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Simmons: I met with the people on the finance committee. It was not about the Black Caucus. I met with Sen. Durbin.

I don't know why [Bloomberg Businessweek and The Washington Post] would say [I just met with] Congressional Black Caucus. I went to everyone's office who was involved with the finance committee. It happened that some of those people were black. It happened that Maxine Waters or Congressman Meeks and others were black, but it wasn't because they were black [that I went]. But they did realize that they weren't going to let business — and I guess that's probably a focus that the Black Caucus takes more than other groups — that this was not [just] a business-to-business issue, that they had to be concerned for protecting the consumer…. and the Black Caucus is very famous for [championing] that. So it's good that they happen to be very heavily populated on the finance committee.

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[Rep.] Barney Franks, [D-MA] was a big supporter of this shift [too]. He was in charge of it, in fact. He's not a member of the Black Caucus, but I guess he asked Congressman Meeks to write the legislation, write the shift in the amendment, because he understood where the struggle was.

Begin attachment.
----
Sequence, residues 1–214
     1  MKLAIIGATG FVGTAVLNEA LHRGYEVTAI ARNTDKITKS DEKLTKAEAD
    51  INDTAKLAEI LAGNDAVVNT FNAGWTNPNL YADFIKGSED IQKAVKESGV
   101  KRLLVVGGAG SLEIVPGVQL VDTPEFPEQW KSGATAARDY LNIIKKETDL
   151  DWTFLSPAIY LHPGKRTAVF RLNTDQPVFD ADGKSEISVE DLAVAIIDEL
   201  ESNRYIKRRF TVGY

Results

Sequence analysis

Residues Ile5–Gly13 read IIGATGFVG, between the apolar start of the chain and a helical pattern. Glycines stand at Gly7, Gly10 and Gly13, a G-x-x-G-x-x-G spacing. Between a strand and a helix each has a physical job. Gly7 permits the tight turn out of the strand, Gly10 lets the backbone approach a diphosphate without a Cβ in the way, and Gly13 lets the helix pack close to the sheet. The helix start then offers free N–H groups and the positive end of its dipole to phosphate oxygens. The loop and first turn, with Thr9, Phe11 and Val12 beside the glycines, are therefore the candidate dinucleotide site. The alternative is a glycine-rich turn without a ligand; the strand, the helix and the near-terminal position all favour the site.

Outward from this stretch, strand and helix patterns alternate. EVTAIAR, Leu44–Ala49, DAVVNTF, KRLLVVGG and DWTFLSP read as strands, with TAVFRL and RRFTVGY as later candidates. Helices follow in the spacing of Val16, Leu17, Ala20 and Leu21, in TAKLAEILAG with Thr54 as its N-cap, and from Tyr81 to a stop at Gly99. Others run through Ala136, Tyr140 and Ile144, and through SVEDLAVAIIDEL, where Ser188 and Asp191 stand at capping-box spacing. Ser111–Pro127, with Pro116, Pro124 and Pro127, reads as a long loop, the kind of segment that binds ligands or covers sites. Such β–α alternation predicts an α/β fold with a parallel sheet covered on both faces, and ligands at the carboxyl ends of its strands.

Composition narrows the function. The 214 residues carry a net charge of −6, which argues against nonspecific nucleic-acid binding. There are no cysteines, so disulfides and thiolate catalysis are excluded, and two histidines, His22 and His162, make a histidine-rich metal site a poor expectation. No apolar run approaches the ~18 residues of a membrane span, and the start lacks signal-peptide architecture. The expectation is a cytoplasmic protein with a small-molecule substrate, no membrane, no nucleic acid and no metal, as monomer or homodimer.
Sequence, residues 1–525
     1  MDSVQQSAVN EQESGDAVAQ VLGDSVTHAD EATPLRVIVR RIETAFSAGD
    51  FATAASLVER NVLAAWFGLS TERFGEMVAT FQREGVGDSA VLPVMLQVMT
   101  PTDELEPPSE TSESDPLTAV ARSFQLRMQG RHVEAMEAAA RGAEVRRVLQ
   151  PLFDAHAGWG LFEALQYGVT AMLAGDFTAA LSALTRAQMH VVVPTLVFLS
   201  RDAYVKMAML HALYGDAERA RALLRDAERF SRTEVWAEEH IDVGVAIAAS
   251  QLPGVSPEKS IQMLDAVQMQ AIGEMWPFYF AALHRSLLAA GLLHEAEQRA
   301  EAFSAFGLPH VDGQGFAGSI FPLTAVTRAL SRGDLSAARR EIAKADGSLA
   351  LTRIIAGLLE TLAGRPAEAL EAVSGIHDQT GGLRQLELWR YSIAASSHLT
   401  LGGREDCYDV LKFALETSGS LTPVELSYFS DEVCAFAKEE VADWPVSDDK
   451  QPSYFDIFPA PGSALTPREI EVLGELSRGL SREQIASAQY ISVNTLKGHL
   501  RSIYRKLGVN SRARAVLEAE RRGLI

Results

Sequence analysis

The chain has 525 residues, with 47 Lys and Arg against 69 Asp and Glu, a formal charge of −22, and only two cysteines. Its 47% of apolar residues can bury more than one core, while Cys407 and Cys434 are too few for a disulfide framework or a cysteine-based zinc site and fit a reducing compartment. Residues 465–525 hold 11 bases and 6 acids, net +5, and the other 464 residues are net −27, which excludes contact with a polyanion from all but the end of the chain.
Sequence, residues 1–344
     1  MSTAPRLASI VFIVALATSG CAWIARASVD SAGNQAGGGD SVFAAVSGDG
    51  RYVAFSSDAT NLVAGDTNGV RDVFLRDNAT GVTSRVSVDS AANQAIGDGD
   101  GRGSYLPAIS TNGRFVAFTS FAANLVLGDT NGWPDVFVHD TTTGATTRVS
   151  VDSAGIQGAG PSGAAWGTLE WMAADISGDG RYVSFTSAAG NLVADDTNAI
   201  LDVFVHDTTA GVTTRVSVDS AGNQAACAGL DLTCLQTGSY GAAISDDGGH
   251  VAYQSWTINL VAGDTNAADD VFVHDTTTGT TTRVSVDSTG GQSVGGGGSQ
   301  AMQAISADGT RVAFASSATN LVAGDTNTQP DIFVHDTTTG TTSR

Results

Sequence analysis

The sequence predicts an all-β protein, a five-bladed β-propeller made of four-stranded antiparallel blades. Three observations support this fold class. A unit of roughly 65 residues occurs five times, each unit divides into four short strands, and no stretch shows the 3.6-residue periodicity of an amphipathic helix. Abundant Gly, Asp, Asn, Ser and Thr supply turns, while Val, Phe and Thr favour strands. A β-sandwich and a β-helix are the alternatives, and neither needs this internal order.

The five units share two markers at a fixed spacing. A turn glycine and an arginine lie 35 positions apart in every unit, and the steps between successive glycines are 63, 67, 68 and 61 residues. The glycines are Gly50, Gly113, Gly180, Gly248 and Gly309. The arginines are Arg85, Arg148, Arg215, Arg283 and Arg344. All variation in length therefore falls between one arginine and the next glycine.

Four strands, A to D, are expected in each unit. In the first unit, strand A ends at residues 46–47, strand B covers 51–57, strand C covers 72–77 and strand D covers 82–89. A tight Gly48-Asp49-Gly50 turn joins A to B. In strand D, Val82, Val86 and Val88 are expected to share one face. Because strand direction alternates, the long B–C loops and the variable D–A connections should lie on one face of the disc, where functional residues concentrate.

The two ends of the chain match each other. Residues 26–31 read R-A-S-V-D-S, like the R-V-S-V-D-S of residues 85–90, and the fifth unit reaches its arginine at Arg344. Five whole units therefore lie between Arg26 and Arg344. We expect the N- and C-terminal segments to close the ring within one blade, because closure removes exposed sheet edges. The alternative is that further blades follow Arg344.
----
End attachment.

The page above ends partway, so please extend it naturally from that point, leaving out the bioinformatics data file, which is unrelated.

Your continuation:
What more needs to be done within the public and private sector to help the underserved to get better access to basics like a checking and savings account?

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Simmons: Education and opportunities. People are locked out. People are slipping deeper and deeper into poverty. There's not a really good effort being made to lift people out of poverty. The middle class is shrinking. We should give them hope and opportunity.

Monee Fields-White is a Chicago-based writer who covers a wide array of topics, including business and economic news.